What about those ten trial items? Were they any good?
A simple way to answer this question would be to compare the reliability of the "Core" subtest and the "All" subtest. We already know the former from the previous topic: 0.82 is the reliability for the 40-item core subtest.
Here are the stats for the "All" subtest, with 50 items:
The reliability has gone down a bit, to 0.81. Still sort of okay, you say? Not really. Adding items to a test should increase reliability.
Here is another chance to benefit from application of the Spearman-Brown formula. Adding 10 items to our 40-item test should, by Spearman-Brown, take the reliability to 0.85; we'd truly expect this to happen if we were adding items whose quality was equal to that of the original items. Obviously, our ten new items are either of lower quality, or are just not testing the same concepts as the original items.
Here's that nifty scatterplot of item diff. by disc. for the 50-item subtest, "All":
We didn't have any items with a disc. value less than 0.10 before. Now we have five. Three of these five are negative, always a bad sign. (Note: Lertap always shows item names next to their blips in the scatterplot, as shown here. To delete the names, right-click on just one of them, such as I39, and choose Delete.)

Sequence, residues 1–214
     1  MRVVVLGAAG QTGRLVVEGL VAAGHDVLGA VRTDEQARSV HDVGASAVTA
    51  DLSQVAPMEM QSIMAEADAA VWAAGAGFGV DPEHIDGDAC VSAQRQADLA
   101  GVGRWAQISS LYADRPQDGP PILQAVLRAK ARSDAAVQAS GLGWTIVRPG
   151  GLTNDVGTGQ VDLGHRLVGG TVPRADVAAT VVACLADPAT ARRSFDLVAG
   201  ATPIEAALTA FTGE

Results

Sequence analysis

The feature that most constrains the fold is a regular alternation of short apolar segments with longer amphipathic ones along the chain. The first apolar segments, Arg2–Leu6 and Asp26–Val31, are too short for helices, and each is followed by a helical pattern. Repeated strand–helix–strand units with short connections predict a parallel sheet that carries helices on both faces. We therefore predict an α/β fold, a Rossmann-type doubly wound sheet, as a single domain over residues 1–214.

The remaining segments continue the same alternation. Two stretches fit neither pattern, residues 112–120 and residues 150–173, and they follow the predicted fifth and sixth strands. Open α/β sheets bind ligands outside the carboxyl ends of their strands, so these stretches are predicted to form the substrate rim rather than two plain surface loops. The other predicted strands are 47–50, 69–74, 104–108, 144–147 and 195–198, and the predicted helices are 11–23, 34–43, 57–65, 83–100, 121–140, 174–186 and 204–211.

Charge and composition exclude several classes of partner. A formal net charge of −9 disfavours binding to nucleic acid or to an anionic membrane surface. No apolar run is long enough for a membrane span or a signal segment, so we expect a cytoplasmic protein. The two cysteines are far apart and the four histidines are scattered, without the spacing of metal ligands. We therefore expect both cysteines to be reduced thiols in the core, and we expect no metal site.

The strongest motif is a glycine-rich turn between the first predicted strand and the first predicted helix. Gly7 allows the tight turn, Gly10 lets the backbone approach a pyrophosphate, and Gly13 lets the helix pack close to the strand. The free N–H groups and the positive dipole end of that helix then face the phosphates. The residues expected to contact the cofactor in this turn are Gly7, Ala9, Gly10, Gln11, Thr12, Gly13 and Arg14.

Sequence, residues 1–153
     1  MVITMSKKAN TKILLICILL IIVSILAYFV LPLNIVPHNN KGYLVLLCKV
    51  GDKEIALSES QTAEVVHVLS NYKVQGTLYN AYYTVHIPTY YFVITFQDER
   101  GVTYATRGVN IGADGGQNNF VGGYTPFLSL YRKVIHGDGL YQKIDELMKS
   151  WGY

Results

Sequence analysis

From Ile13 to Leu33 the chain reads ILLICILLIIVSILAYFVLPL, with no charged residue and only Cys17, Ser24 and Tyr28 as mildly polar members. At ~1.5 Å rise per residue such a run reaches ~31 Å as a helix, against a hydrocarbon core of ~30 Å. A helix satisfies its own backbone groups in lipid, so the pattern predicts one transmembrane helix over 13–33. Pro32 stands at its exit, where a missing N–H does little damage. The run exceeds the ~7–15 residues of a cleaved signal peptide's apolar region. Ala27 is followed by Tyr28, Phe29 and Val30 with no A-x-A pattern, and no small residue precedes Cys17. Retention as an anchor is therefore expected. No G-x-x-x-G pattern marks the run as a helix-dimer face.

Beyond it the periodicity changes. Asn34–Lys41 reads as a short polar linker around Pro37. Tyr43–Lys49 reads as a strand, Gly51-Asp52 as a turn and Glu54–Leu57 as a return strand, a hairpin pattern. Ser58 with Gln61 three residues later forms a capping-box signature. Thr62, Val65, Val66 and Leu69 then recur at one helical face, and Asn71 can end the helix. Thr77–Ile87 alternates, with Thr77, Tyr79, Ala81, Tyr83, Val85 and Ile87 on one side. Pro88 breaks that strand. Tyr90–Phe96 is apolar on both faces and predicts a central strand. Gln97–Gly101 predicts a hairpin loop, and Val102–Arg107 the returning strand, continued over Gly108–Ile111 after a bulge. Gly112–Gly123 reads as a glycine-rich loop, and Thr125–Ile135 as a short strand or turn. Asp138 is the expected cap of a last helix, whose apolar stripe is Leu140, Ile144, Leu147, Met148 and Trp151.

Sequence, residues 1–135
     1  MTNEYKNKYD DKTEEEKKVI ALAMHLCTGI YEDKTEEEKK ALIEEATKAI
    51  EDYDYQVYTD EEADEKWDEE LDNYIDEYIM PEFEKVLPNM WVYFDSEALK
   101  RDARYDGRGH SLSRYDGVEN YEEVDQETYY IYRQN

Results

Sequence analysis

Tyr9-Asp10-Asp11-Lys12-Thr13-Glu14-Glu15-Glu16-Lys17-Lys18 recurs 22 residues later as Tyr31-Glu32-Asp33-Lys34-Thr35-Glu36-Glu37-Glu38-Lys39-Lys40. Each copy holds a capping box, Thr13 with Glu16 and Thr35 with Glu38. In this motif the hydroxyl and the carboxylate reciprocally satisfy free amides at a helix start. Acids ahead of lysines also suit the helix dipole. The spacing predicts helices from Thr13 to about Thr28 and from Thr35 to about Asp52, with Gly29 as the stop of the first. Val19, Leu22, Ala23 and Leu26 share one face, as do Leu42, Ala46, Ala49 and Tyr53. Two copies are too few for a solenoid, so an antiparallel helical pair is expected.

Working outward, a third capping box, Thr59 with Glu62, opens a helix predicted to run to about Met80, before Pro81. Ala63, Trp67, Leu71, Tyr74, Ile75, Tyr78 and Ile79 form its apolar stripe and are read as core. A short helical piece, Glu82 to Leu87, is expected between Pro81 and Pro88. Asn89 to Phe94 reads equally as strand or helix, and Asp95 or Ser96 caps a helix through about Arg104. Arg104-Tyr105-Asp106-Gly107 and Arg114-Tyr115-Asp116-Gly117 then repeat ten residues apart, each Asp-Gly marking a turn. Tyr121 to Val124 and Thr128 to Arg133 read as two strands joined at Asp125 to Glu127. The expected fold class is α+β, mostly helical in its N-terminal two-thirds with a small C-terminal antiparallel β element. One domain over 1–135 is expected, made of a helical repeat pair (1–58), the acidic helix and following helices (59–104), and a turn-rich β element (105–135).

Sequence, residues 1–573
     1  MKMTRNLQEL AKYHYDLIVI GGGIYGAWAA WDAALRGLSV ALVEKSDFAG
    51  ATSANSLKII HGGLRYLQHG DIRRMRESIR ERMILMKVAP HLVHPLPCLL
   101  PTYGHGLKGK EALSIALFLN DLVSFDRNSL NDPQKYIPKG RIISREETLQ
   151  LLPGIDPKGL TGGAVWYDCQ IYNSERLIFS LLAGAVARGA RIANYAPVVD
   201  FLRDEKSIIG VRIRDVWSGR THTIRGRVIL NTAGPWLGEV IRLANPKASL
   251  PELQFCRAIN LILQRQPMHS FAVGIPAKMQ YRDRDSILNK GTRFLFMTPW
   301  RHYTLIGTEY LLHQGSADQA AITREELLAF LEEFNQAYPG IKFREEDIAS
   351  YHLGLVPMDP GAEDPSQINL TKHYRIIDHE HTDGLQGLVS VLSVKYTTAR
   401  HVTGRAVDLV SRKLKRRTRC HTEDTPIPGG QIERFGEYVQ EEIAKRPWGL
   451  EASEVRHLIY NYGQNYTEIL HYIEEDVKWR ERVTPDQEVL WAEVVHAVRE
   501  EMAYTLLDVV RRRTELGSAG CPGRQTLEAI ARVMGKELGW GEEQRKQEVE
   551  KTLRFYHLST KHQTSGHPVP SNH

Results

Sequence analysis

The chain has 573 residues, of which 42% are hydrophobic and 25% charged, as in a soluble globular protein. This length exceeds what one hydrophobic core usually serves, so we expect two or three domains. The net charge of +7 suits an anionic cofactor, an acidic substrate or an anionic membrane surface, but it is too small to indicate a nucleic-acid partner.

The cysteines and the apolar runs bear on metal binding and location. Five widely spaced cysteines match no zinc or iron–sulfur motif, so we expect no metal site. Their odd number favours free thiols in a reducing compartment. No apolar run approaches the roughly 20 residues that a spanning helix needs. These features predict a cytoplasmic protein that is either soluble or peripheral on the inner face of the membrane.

Obviously, things are not going well for our ten trial items.
We will get more detail by going through an external criterion analysis, an option available on the Run menu's More option, just under the Elmillon option.
We selected the "Core" score as the external criterion, and then the second subtest, "Trial", as the one having the items to be correlated with the external criterion.
This added another two reports, ECStats2f, and ECStats2ul.
The ECStats2f report is not quite the same as an ordinary Statsf report. The criterion score used for the four statistics columns, pb/ec, b/ec, avg/ec, and z are all based on the external criterion score, which, for this analysis, is "Core", the score on the 40 core items. But what we want to see is the same sort of pattern we ordinarily look for in a discriminating item: the highest avg/ec value should be found for the keyed-correct answer.
Avg/ec is the average score on the external criterion, "Core", found for those students who selected the corresponding option. For example, on I6 the keyed-correct answer is D, underlined to remind us that it's the right answer. The average "Core" score for the 4,235 students who chose this option is 29.54. Meanwhile, the average "Core" scores on I6 for those selecting any of the four distractors are below the over-all "Core" average, which was 28.19. Note: the z column makes it easy to see if avg/ec is above or below average: above and z is positive; below and z is negative.
The r/ec figure found in ECStatsf reports is the correlation between the item and the external criterion. In technical terms, it's not a point-biserial (pb) correlation coefficient, nor is it a biserial (b) coeffcient. It's what's known in the business as the Pearson product-moment correlation. If an item is scored on a dichotomous basis, right-wrong, then r/ec will be the same as the pb/ec value for the item's correct answer.